Sink or Float

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The lesson introduces students to the concept of sinking and floating relative to an object’s density.  Many students understand there are things that will float on top of the water and things that will sink.  However, most students do not clearly understand why, especially when something heavy may float, like a cruise ship, but a small nail may sink.  It is recommended students have ample opportunity to predict and then use hands-on experiments with objects that float or sink.

Sink or Float Lesson Plan Includes:

  • Full Teacher Guidelines with Creative Teaching Ideas
  • Instructional Content Pages about Sink or Float
  • Hands-on homework activities
  • Answer Keys
  • Common Core State Standards
  • Many Additional Links and Resources
  • Built for Grades 1-3 but can be adapted for other grade levels.

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Description

Help your students comprehend the difficult concept of density with a lesson about objects that sink or float.  The lesson introduces students to the concept of sinking and floating relative to an object’s density.  Many students understand there are things that will float on top of the water and things that will sink.  However, most students do not clearly understand why, especially when something heavy may float, like a cruise ship, but a small nail may sink.  It is recommended students have ample opportunity to predict and then use hands-on experiments with objects that float or sink to fully understand the concept.

Sample Classroom Procedure / Teacher Instruction

    1. Say: A ship weighs thousands of pounds and a nail weighs just a few ounces.  Ask:  Why does the ship float and the nail sink?
    2. Allow for responses and discussion. Ask:  What is different between the ship and the nail?  What is the same?
    3. Allow for responses and discussion. Introduce sinking and floating.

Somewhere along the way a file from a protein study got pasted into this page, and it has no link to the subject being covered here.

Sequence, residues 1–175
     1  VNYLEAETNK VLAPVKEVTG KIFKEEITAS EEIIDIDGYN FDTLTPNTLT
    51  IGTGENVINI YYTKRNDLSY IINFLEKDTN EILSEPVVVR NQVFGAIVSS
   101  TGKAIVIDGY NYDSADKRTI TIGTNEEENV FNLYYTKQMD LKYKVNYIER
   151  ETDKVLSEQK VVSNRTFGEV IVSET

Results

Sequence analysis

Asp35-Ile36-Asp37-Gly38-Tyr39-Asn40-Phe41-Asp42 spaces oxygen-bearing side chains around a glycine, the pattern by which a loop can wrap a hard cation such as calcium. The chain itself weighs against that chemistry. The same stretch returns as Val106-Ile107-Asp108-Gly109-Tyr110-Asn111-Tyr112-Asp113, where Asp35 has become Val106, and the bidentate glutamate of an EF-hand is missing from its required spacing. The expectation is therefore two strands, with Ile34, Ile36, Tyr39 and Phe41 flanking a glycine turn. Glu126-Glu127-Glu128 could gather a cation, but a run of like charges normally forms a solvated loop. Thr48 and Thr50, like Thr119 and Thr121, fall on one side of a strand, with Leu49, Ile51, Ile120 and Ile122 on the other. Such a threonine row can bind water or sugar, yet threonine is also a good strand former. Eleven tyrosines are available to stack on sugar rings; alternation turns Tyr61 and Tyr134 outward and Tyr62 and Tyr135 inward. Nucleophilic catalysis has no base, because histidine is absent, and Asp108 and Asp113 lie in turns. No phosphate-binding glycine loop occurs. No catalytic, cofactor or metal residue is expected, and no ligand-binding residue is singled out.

4. Distribute Sink or Float content pages. Read and review the information with the students.  Save the final question for the lesson closing.  Use the additional resources to enhance understanding.
    5. Distribute Activity page. Read and review the instructions.  Pair students.  Though working with a partner, each student will complete the chart, which is necessary since predictions may be different.  Use about 15 different objects that can rotated among the students, set up at stations, or each pair of students receive each object.  Rotate through the room reminding students to allow 30 seconds for the object to sink or float.  One object may be a sponge.  (Provide paper towels as well.)
    6. Once completed with the activity, students share their responses and answers to the questions following the chart. Discuss the differences between sinking and floating objects.
    7. Distribute Practice page. Check and review the students’ responses.
    8. Distribute the Homework page. Remind students to work with a parent when testing items for sinking and floating.  The next day, allow students to share what sank or floated.
    9. In closing, ask: What do you think it would be like if you could float or walk on water?  What would you do?
    10. Allow for responses and discussion.

Common Core State Standards: 

CCSS.ELA-Literacy.RI.1.9, CCSS.ELA-Literacy.RI.2.3, CCSS.ELA-Literacy.RI.2.4, CCSS.ELA-Literacy.RI.2.9, CCSS.ELA-Literacy.RI.3.3, CCSS.ELA-Literacy.RI.3.4, CCSS.ELA-Literacy.RI.3.9

Class Sessions (45 minutes): At least 2 class sessions

Additional Resources:

Want more science resources? Check out our other Science Lesson Plans!

Additional information

Grade Level

1st Grade, 2nd Grade, 3rd Grade

Subject

Science